Integrated technologies for tracking organoid morphogenesis (ITOM)

The interdisciplinary project Integrated technologies for tracking organoid morphogenesis (ITOM) has been chosen as one of the new convergence environments funded by UiO:Life Science. The proposal received excellent reviews from the panel and the research group will include Njord professors Luiza Angheluta and Dag Kristian Dysthe.

Blue and red clusters and dots on a green background.

Correlative imaging on different timescales of shear flow response of HeLa cells. Green: phase contrast. Red: high-speed (30 kHz) stroboscopic strain field. Blue: Ca2+ release inside cells on 1-1000 s timescale. The image is composed of feature extraction from images stacks of >1000 images. Further analysis reveals rhythmic Ca2+ response of cells.

The convergence environments consist of interdisciplinary research groups that will solve grand challenges in life sciences with methods from biology, bioinformatics, chemistry, computational biology, computer sciences, economics, genetics, immunology, languages, law, mathematics, medicine, musicology, pedagogy, physics, pharmacy, philosophy, psychology, special needs education and sociology.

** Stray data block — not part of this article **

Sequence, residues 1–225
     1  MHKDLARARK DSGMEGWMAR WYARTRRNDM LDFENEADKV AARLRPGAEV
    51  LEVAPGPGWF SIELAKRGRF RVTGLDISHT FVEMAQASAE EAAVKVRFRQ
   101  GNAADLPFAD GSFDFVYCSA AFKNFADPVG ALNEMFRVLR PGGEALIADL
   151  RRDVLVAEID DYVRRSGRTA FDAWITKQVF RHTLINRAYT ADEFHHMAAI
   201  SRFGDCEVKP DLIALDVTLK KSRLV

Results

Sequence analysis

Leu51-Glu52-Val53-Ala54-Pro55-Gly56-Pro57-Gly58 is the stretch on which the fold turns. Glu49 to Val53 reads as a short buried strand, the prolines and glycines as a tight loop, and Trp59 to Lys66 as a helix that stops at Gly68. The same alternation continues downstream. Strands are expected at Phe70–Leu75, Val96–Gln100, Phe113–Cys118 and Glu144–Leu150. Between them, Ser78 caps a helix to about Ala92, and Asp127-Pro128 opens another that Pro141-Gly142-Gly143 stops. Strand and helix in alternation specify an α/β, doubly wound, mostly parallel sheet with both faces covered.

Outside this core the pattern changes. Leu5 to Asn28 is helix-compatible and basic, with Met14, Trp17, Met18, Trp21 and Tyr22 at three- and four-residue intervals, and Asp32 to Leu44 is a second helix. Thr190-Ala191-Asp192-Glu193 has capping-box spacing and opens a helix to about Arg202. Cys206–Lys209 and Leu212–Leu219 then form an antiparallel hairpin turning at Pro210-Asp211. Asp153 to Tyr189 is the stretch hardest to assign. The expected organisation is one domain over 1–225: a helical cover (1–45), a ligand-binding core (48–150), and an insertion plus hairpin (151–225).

The convergence environment ITOM will include two postdoctoral and two PhD positions where one of the PD’s will be at the physics department. The researchers will use advanced imaging technology and data analysis to improve stem cell derived organ representations.

There is a significant need for developing reliable human organ representations (termed organoids) for drug development, personalized drug testing, and (in the longer run) for organ transplantations. The advent of induced pluripotent cell (iPSC) technology has allowed developing in vitro human organoids that show features of the organs they represent but are significantly less structured and less mature than their human counterparts. The field, therefore, requires high-content tracking tools and algorithms to guide organoid development. Developing such technologies will represent a leap towards reliable personalized organoids with organ-like histology and functionality.

ITOM received excellent feedback from the UiO:Life Science review panel. According to the panel, the proposed research will address important research challenges to improve organoid development and the project was described as ambitious and innovative.

Read more about ITOM here.

Involved researchers from Njord: Luiza Angheluta-Bauer and Dag Kristian Dysthe 

Published Nov. 25, 2021 11:40 AM - Last modified Nov. 25, 2021 11:40 AM